In a classification machine learning model, we assign a probability of the label given the features. For example, Label “Yes” is 0.7 or “No” is 0.3. The output is what we want for any machine-learning model.

However, how confident are we with the given probability? The model might have provided probability output 1, meaning the model is 100% confident of the prediction. But are we sure we can trust the model probability output itself?

This is why we want to use a **loss function**—high values for confident but wrong prediction and low values for correct prediction. In classification machine learning, the typical loss function we could use is **Log Loss**.

What is Log Loss, and how would it be helpful in your evaluation? Let’s get into it.

## Log Loss

Log Loss or **Cross-Entropy** is a loss function to calculate how close our model prediction probability is to the actual label. The further the predicted probability from the actual value, the higher the log loss value was.

The log Loss equation is stated in the following image:

Where N is the number of examples, y_i is the actual label (0 or 1), and y_hat is the probability prediction of the positive class.

We can extend the equation into the Multi Class label with the following equation.

where M is the number of classes, and y_ij is the actual label for each data i for class j.

Enough about the math equation and why we should use log loss score.

**Why Consider Log Loss for Evaluation**

There are several reasons why we want to consider using Log Loss for evaluating our machine learning model, including:

**Log loss penalty**:**Scale-invariant**: Log loss was not affected by the scale of the predictions, which is a valuable property when comparing models that might make different scale predictions.**Following a proper scoring rule:**Log loss is optimized by the actual class probabilities compared to accuracy, which is only optimized when the predicted class is the same as the actual class.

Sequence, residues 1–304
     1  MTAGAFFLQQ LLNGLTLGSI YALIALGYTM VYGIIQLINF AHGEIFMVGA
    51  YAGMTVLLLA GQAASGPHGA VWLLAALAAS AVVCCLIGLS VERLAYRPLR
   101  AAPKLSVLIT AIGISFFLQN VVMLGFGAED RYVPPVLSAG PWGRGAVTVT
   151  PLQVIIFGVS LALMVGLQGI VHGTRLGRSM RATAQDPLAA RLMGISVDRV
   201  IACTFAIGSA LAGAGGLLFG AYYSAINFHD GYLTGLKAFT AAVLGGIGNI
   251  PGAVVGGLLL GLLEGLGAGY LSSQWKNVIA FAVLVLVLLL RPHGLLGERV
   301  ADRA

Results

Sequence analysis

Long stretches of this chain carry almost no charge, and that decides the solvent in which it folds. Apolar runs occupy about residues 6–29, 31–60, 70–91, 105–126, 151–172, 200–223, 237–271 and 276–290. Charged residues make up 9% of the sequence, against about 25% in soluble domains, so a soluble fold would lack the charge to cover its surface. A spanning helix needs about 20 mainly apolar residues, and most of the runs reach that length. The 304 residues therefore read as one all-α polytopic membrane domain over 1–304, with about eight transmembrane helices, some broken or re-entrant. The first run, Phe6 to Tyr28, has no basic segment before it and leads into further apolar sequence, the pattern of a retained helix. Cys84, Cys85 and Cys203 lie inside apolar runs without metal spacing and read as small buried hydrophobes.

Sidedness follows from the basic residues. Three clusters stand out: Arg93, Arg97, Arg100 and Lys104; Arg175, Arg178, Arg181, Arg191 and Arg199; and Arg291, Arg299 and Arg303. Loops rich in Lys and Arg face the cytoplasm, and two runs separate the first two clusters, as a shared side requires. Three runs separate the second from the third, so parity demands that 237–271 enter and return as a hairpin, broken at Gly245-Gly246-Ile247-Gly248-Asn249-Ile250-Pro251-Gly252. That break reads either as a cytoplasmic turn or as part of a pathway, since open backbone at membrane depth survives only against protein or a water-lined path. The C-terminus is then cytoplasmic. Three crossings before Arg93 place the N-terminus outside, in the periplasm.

In summary, log loss is a good measurements if we want to be confident in our model probability prediction.

However, there are a few caveats we need to know when using log loss as a measurement score:

**Log loss only measures the performance of a model in probability**. If you need an accuracy score, then it might not be suitable.**Log loss is sensitive to class imbalance**. Suppose there is a significant imbalance in the distribution of classes; the performance of the majority class may dominate log loss.**Log loss can be computationally expensive for large datasets**. As log loss is calculated for each data row, it could be a burden during calculation.

Although with the caveat above, log loss is still an excellent measurement. Let’s see the application of log loss.

**Log Loss with Example**

We can rely on the scikit-learn package in the data pipeline to calculate the log loss score. To do that, we can use the following code.

```
from sklearn.metrics import log_loss
#y_true is the actual label and y_pred is the prediction probability
log_loss(y_true, y_pred)
```

With the above code, we would get the log loss score. But how could we assess that our log loss score is already low enough? Lower is better, but how low?

In the application, we would run the above equation to acquire the score for each prediction, similar to the table below.

The higher the log loss score was, the bad the prediction was. To get the overall sense of the model, we would need to get the log loss average score.

If we take an average of the score above, we will achieve an average score of 0.969. So, is this score good or bad?

In a sense, the further the score from 0, it’s a bad one. However, it would be more intuitive if we had a baseline log loss to compare with. In ideal circumstances, we want our log loss score to be better than the random prediction's log loss. So, we need to have the baseline score for the random model.

Let’s use Python code to calculate that. I would adopt the code that came from Nishant Mohan.

Our example above has five observations with a 2:3 data ratio. If we implement them into the code:

```
from sklearn.metrics import log_loss
def calculate_log_loss(class_ratio,multi=10000):
if sum(class_ratio)!=1.0:
print("warning: Sum of ratios should be 1 for best results")
class_ratio[-1]+=1-sum(class_ratio) # add the residual to last class's ratio
actuals=[]
for i,val in enumerate(class_ratio):
actuals=actuals+[i for x in range(int(val*multi))]
preds=[]
for i in range(multi):
preds+=[class_ratio]
return (log_loss(actuals, preds))
print('Baseline Log Loss: ', calculate_log_loss([.4, .6], 5))
```

The Baseline result Log Loss score is 0.673. Since we want our score to be better (lower) than the baseline, our result above is not good. This means we need to make some adjustments to our data and model.

## Conclusion

Log Loss is an evaluation score used to assess whether our model probability prediction can be trusted. As log loss is a loss function, the lower the score, the better our model predictions are.